So we have a little time before deer season, what’s a hunter to do? Certainly not sit around and vacuum the house. If you are not working hard on food plots, cutting shooting lanes or setting up scout cameras, you might take this small game challenge.
The goal is to take one of every small game species in Virginia; crow, groundhog, grouse, quail, rabbit and squirrel, in one season.
Sound easy? Not exactly. Six species of game as varied as you can imagine. Think you can accomplish this challenge? Here’s what you have to do!
This season is an excellent way to get back into shooting shape in time for the waterfowl seasons. It began August 17 and will run through March 15 but only on Monday, Wednesday, Friday and Saturday for some reason. Guess the crows need every other day off? The season is September 2 through March 10 on National Forest Lands and Virginia Department of Game & Inland Fisheries lands (Monday, Wednesday, Friday and Saturday only).
Crows are a federally regulated migratory species; however, no HIP number is required and hunters may use unplugged shotguns to hunt them. Electronic calls may be used on private and public lands and are recommended if you plan on hunting seriously.
You’ll also want a half dozen crow decoys and a mouth call in case your batteries die. Ride around in the morning and see where crows are getting grit, then locate nearby farmland. Most farmers are all too happy to have a Crow Patrol come knocking.
Don’t use too little firepower with crows. 12 ga. shotguns with at least #7 shot are best. You will get multiple shots if your set-up and calling is good, so leave the doubles and single shot guns in the safe.
Is your trigger finger itchy for deer season already? Rifle hunters can enjoy staying sharp with groundhog season. Long shots are common and even though you are shooting smaller caliber rounds, it’s all about the drop, load and windage here.
Grab the .17, .22 or .223 and take a ride in the country during a warm afternoon or right after a rain shower. If you see hogs, consult with the landowner and see if you can take care of business.
There is no closed season for groundhogs on private lands.
Groundhog hunting on National Forest lands and Department lands is permitted from September 2 through March 10 and during the spring turkey season.
This is probably the most difficult of the small game to bag in our challenge. Grouse numbers are way down across Virginia and except for some small pockets, you are going to really have to get lucky.
You’ll find enough grouse for a limit (three per day) in the mountains of Virginia. Reports of enough grouse to hunt are hard to come by as hunters are very tight-lipped, but there are birds near Lake Moomaw in the Gathright Wildlife Management Area and the Mount Rogers Wildlife Management Area. There are reports, too of birds in the George Washington National Forest lands in the mountains surrounding Luray and Lexington. Let’s just say, grouse are out there, but you’re going to have to really hunt for ‘em.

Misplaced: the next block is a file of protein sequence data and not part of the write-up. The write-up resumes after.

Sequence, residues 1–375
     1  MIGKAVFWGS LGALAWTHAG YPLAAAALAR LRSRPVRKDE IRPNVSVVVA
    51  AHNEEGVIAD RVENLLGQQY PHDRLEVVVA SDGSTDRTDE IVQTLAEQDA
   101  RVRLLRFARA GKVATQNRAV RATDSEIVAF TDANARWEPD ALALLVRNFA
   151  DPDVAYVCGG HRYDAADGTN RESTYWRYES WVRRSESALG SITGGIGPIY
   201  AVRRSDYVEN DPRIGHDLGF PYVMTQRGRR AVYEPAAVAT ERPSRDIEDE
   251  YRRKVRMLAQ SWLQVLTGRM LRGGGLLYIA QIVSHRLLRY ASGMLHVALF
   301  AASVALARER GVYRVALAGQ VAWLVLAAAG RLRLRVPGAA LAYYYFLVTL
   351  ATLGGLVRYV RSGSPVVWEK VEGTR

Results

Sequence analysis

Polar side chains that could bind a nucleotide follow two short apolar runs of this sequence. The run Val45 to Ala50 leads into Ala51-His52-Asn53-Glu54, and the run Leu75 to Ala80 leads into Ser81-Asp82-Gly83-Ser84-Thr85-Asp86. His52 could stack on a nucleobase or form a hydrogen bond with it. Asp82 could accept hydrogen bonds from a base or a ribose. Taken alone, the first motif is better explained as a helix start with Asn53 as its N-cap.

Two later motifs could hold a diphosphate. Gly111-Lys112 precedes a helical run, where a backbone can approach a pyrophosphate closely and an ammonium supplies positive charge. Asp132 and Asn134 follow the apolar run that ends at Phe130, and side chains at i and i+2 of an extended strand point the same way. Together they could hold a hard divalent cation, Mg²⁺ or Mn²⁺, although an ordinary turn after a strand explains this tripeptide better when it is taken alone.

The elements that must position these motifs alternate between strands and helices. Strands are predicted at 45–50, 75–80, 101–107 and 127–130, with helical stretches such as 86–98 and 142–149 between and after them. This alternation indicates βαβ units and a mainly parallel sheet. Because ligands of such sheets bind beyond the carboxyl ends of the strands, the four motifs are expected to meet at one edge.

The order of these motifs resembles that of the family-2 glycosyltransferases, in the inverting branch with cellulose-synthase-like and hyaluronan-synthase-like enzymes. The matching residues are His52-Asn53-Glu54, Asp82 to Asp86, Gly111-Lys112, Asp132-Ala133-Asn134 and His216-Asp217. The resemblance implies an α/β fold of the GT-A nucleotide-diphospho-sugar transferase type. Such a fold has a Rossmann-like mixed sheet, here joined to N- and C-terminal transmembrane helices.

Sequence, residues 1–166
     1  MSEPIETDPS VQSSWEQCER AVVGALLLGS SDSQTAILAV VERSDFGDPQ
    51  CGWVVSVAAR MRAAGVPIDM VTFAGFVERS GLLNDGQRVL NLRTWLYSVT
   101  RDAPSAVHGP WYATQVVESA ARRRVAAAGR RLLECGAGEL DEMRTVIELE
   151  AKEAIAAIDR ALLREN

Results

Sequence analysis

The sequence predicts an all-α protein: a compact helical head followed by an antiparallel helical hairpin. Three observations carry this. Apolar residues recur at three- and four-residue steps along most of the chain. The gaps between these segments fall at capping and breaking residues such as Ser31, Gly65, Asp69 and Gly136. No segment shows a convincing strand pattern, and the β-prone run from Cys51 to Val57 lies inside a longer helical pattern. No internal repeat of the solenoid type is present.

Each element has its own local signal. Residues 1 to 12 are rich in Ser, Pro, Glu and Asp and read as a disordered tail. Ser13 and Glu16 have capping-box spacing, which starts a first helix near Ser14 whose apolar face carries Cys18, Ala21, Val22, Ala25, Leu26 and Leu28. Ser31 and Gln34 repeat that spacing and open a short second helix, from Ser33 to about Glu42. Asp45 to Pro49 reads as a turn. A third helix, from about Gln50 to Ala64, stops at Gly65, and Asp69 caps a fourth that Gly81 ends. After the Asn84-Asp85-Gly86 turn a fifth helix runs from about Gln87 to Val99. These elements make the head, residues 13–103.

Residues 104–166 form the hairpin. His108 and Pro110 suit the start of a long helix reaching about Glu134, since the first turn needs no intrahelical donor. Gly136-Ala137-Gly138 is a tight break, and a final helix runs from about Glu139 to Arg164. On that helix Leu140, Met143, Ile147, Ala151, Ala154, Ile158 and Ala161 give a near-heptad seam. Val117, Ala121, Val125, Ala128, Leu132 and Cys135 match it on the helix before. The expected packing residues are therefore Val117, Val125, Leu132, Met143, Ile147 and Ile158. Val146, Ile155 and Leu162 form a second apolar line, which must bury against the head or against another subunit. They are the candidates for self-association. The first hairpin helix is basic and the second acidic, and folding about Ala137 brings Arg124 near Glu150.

This season begins October 26 and runs through February 8, west of Interstate 95. There is no grouse hunting east of 95.
Wild quail are just slightly less difficult to hunt in Virginia than ruffed grouse. Bobwhite quail have made a slight comeback and you can find them from the coastal plain to the Piedmont but you probably won’t find three coveys a day. Ask local farmers in your neck of the woods what they are seeing and hearing and if they indicate quail are around, ask if you can try your luck. Wildlife Management Areas around the eastern part of the state also offer public land for quail hunting.
This season begins November 9 and runs through January 31 with a six bird per day limit.
Rabbit numbers are way up this year with plenty of rain creating a bonanza of grasses they like to eat. Rabbit hunting is really not like any other type of hunting as your quarry runs along the ground at high speed and you can use dogs.
Wait until deer season is over or hit a rabbit field any time after November 2 for a tasty addition to your winter game bag. Season runs through February 28 with a six rabbit per day limit.
Squirrel (Gray, Red, and Fox)
Just because you see squirrels all over the subdivision doesn’t mean you can go out and hunt them. You have to find some nut-bearing trees in an area you are permitted to hunt; a Wildlife Management Area or private forest will do just fine. Hickory nuts are what squirrels eat early. Then they will go to acorns and beechnuts. Listen for them “cutting” nuts on quite afternoons and pursue with either shotgun or small caliber rifle.
Remember you can hunt the larger fox squirrel in counties west of the Blue Ridge and in the counties of Albemarle, Bedford, Culpeper, Fauquier, Franklin, Greene, Loudoun, Madison, Orange, Patrick, Prince William, and, Rappahannock during any established squirrel season.
You can take six squirrels per day (gray and red) September 7 through February 28 and fox squirrels September 7 through January 31.
Well, that’s six, small game species. I wish you best of luck and safe hunting.
Until next time, remember to cherish, protect and conserve the outdoors while sharing it with others.